Bennelong quickly learned rudimentary English but after several months, he escaped. He wanted to take part in ceremonies; he felt the need to report his experience of the invaders to his people; and he wanted to be with his wife Barangaroo. From that time, he moved in and out of the settlement as he wished.

Pemulwuy was a young warrior of the Bidgigal clan southwest of Sydney and he was as hostile to the British as Bennelong was conciliatory. In 1790, Pemulwuy approached a group of Europeans hunting game and he speared one of them fatally in the chest. John McIntire was Phillip’s chief huntsman and he was guilty of many depredations against the Eora especially his wanton slaughter of animals.

Pemulwuy’s audacity outraged Phillip and his native policy changed immediately. He ordered a punitive expedition against Pemulwuy’s clan whom he said had killed or wounded seventeen British since 1788. He appointed Watkin Tench to lead a punitive party of marines to ‘bring in any six Bidjigal or their heads’.

To Phillip’s chagrin, the party returned without sighting a native. A second punitive party had a similar result. Phillip’s order was the precursor of countless such indiscriminate acts of reprisal against Indigenous people for the next 140 years.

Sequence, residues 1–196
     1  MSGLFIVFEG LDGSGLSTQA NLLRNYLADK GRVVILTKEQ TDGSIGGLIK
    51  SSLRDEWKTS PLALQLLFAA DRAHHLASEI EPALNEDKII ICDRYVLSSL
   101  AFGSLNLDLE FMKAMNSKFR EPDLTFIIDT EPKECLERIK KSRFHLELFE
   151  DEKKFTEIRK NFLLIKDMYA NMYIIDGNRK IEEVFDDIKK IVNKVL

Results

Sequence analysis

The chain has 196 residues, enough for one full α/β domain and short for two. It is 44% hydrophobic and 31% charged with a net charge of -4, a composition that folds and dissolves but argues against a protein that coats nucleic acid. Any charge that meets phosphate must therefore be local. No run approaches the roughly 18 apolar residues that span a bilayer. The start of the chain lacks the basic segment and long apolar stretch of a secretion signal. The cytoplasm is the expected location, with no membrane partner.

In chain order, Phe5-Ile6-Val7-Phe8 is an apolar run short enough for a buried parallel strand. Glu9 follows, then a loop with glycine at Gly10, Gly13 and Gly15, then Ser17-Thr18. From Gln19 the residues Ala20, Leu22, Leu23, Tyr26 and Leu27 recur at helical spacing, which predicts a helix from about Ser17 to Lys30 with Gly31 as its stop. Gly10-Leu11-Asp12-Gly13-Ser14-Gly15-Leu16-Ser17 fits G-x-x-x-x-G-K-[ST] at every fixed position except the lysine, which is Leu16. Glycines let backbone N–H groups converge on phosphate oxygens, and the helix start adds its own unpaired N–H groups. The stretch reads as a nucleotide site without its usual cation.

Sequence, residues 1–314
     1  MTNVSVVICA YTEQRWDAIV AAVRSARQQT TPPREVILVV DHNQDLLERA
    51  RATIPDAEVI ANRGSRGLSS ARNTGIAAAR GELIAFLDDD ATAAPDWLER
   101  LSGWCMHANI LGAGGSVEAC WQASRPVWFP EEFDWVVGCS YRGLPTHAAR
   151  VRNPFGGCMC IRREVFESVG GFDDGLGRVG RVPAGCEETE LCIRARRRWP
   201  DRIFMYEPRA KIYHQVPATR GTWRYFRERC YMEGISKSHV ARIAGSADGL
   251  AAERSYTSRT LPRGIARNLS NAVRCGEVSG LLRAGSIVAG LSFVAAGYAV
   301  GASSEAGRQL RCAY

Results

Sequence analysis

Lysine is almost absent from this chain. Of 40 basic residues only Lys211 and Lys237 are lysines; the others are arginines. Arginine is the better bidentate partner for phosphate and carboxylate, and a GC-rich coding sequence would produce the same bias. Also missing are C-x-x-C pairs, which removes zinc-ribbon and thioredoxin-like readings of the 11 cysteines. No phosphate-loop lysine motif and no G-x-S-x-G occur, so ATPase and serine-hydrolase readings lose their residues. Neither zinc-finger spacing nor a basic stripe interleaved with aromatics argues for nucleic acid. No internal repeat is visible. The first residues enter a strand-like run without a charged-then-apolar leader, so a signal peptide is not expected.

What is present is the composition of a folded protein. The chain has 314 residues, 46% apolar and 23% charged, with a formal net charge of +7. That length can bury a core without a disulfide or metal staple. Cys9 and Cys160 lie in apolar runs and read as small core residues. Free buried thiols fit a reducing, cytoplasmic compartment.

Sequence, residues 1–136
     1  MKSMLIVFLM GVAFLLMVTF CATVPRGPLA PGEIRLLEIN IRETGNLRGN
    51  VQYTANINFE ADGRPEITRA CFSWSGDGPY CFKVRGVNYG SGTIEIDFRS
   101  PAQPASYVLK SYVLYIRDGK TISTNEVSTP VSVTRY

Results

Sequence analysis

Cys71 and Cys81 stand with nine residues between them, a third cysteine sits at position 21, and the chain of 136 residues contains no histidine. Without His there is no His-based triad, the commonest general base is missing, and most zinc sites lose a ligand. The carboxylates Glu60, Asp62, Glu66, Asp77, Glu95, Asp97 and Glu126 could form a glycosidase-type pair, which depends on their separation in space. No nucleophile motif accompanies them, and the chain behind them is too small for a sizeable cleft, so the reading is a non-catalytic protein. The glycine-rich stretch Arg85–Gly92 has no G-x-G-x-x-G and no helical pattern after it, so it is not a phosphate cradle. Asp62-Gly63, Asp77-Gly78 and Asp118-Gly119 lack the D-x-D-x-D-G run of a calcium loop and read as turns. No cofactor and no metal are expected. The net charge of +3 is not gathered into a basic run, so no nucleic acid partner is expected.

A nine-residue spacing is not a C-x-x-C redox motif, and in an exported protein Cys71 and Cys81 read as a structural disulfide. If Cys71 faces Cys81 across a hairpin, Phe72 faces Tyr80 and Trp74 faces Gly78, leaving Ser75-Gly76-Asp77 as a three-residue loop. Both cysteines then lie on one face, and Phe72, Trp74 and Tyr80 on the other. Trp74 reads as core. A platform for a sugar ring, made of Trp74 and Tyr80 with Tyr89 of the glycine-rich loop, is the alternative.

In 1790, Barangaroo was about forty years old. She lost a husband and two children to the smallpox epidemic of 1789. It is estimated that the epidemic resulted in the deaths of half the Eora people. One can hardly imagine the horror of smallpox for them and the large number of deaths must have limited their ability to carry out their rituals for the dead.

Barangaroo was well versed in women’s law, lore and ritual. She was a self-assured woman who had authority. Governor Phillip wrote of her as ‘very straight and exceedingly well-made’. In The Colony: A history of early Sydney (Allen & Unwin 2010), Grace Karskens describes Barangaroo in modern parlance as a ‘woman with attitude’.

Bennelong and Barangaroo often dined at Government House with Phillip and while Bennelong attended in his red British army jacket with silver epaulets, Barangaroo came to the governor’s table defiantly naked.

Sometime in 1790, Barangaroo gave birth to a daughter, Dilboong, the name of a small brown bird. Despite Bennelong’s prediction it would be a boy and Governor Phillip’s offer for her to have the baby in the hospital, Barangaroo gave birth in a secluded place in the bush. Childbirth was women’s business and Barangaroo would have thought of the hospital as a place inhabited by spirits of the dead.

Barangaroo did not live long after the birth and a grieving Bennelong invited the Governor and David Collins to witness her cremation. He built a funeral pyre and placed Barangaroo’s body on it with her head facing north to the land of her birth.

Bennelong buried Barangaroo’s ashes in the garden of Government House. He asked Phillip to act as foster-father to Dilboong and Phillip found a convict woman to breast feed the baby. However, Dilboong died shortly after and Bennelong buried her beside her mother. In 1792, Bennelong accompanied Phillip to England where he met King George III. He returned to Australia in 1795.